I join the majority opinion in most respects, but I write separately because I believe that the majority gives inadequate attention to Marlowe’s argument that his sentence of life imprisonment violates the Sixth Amendment because judge-found facts triggered a substantial increase in his advisory Guidelines range. Although I do not believe that Marlowe’s sentence violates the Constitution, his claim deserves a more detailed analysis than it received in the majority opinion. Therefore, I concur in the judgment upholding Marlowe’s sentence.
The sad (unpardonable) state of compassion in the Bush Administration
Writing in today's New York Times, George Lardner has this potent op-ed headlined "Begging Bush's Pardon." Here are a few excerpts from a piece that deserves a full read and lots of attention even while other political matters are making bigger headlines:
The first rule for handling requests for presidential pardons was set down in a report to Congress in 1887, during Grover Cleveland’s first term in office. It said they were to be sent to the attorney general’s “pardon clerk” for “his prompt and appropriate attention.”
Just as important, according to the report, was that the petitioners were to be given a fair shake. They were almost always convicted criminals, but that didn’t mean they were all guilty as charged or deserving of the harsh punishments that had been inflicted on them. And so, the pardon attorney in those days was under instructions to “accord to the convict all that he may be fairly entitled to have said in his favor.” The attorney general, thus provided with “an impartial representation” of the case, was to tell the president what he thought should be done.
Today’s Justice Department seems to have nothing but contempt for those principles. The Bush White House has seemingly never heard of them. Thousands of petitioners for clemency have been waiting for years for a ruling, some since before Bill Clinton left office. Thousands of others have been rejected out of hand, largely because preparing a fair report of what might be said in their favor would take too much time and cost too much money....
The sorry state of the system became apparent last month with the abrupt resignation of the pardon attorney, Roger Adams.... His departure came on the heels of a seven-month investigation of alleged mismanagement by the Justice Department’s inspector general. While Mr. Adams has disputed the findings, a heavily censored report of the investigation, provided to me on Friday under the Freedom of Information Act, found that he made “highly inappropriate” racial remarks concerning a Nigerian petitioner and threatened retaliation against employees who dared complain about other aspects of his work....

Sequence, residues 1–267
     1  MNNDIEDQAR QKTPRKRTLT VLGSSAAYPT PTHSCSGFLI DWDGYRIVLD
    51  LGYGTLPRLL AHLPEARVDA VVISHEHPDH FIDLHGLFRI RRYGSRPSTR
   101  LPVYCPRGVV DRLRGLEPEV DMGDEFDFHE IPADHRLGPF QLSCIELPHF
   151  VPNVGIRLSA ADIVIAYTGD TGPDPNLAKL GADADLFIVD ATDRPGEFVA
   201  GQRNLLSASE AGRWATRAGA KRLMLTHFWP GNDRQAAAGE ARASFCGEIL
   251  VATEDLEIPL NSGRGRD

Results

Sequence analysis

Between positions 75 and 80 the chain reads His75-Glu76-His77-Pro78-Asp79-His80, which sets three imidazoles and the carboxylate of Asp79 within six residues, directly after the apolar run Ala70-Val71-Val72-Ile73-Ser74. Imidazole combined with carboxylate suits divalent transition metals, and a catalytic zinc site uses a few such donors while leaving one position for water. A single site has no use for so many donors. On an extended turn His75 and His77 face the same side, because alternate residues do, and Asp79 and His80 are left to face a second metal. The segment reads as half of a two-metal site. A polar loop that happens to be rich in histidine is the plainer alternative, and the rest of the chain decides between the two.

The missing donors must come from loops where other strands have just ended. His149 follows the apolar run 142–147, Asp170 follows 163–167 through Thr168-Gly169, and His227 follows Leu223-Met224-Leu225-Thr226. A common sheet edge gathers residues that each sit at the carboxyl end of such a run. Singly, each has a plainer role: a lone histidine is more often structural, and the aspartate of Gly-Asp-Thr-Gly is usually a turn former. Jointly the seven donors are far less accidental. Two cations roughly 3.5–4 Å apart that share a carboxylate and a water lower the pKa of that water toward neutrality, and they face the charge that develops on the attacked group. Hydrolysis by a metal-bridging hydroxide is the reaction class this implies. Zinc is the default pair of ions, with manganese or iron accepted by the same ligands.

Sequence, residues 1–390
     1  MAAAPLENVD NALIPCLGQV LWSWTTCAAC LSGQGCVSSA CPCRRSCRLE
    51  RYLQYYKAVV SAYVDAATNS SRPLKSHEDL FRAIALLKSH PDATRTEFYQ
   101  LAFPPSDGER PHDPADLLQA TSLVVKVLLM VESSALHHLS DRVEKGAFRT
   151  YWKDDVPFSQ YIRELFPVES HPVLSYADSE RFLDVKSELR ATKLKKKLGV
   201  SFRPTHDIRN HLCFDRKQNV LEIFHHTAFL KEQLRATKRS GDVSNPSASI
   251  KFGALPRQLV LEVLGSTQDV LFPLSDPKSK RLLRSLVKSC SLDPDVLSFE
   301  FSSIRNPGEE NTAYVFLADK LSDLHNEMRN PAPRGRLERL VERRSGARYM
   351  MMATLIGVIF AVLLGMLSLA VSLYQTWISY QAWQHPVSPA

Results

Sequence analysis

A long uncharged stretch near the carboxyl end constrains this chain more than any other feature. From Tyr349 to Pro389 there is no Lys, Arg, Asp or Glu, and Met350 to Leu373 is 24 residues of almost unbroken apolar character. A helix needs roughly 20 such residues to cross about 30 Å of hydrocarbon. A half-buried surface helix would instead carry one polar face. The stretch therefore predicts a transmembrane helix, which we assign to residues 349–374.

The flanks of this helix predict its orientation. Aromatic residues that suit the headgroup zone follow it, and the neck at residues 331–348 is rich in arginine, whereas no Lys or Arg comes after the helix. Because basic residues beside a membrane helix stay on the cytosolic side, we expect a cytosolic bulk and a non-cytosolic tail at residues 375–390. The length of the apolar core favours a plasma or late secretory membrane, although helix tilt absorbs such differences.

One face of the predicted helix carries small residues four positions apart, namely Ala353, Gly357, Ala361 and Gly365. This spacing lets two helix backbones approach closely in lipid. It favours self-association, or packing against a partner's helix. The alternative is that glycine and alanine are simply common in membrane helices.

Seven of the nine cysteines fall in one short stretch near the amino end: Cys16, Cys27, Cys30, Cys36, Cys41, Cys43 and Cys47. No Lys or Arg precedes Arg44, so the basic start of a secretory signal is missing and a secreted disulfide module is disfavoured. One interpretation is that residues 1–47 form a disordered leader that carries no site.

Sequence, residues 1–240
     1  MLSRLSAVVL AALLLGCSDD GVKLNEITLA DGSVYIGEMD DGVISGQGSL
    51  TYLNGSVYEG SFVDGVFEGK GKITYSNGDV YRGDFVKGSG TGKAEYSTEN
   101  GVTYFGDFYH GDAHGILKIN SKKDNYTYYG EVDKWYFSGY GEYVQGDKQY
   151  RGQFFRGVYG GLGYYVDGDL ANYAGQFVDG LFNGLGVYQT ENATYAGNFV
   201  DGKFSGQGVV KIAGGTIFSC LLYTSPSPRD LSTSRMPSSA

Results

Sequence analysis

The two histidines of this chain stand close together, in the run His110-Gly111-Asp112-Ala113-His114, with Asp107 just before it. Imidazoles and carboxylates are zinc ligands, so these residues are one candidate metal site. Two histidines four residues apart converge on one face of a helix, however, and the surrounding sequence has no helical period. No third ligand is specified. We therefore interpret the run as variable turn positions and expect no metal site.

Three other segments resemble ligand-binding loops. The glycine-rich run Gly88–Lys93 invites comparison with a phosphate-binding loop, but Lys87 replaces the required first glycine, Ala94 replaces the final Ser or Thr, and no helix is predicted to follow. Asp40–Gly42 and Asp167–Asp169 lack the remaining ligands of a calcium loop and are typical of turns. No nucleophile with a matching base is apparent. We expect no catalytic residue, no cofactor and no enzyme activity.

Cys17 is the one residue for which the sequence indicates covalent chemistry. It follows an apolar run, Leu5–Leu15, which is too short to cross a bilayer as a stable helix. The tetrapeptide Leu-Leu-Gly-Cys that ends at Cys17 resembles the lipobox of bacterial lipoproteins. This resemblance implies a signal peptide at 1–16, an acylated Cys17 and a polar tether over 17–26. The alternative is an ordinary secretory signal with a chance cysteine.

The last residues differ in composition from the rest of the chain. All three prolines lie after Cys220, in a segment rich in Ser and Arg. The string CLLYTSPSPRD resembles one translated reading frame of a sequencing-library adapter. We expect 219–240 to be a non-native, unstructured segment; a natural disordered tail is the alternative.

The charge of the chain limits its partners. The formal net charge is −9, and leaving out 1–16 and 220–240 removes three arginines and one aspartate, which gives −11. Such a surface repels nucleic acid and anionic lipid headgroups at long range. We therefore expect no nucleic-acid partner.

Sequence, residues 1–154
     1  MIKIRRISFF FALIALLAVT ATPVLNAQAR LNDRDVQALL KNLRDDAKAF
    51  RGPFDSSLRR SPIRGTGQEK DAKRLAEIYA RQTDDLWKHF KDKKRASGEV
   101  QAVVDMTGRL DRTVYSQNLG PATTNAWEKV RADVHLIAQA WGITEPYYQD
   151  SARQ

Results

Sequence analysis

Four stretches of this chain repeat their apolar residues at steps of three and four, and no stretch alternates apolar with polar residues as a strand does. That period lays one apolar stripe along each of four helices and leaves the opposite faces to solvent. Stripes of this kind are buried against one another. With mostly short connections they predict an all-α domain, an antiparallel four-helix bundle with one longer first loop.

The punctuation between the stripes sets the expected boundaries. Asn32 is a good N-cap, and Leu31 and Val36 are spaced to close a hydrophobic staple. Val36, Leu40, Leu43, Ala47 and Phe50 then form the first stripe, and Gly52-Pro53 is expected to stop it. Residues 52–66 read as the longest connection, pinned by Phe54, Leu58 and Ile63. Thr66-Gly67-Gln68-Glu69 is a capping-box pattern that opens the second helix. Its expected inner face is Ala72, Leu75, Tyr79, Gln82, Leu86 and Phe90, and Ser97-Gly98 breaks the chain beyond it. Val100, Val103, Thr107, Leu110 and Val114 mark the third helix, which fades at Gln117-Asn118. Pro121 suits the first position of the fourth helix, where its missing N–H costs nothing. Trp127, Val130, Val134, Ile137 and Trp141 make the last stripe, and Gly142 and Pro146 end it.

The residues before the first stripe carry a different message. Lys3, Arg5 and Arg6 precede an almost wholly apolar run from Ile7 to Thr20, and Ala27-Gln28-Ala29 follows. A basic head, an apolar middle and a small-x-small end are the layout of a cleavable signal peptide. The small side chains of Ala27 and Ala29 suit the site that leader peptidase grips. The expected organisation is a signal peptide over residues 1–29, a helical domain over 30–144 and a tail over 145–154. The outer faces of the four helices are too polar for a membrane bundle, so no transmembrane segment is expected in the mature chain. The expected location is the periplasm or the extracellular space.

Being over-free with pardons has hardly been George W. Bush’s problem. He has granted only 142 pardons, four commutations and one remission (to I. Lewis Libby Jr., the former White House aide) since taking office seven years ago. President Bush has denied more than 40 requests for every one granted. (President Clinton, by comparison, granted one in seven requests.)...
Oddly, it seems that the White House, in fact, wanted to say yes more often. In early 2006, several Justice Department officials insist, Harriet Miers explicitly asked the pardon attorney for more recommendations that the White House could act on favorably. Mr. Adams, according to one official present at the meeting, replied that he would need a bigger staff to handle the workload. Favorable reports do take more time, requiring F.B.I. background reports, the views of prosecutors and judges if willing to give them, and other opinions like those of prison officials. Typically, it takes a year to 18 months at best before a positive recommendation can be sent to the White House. Denials, however, are almost automatic if that is what the Justice Department recommends.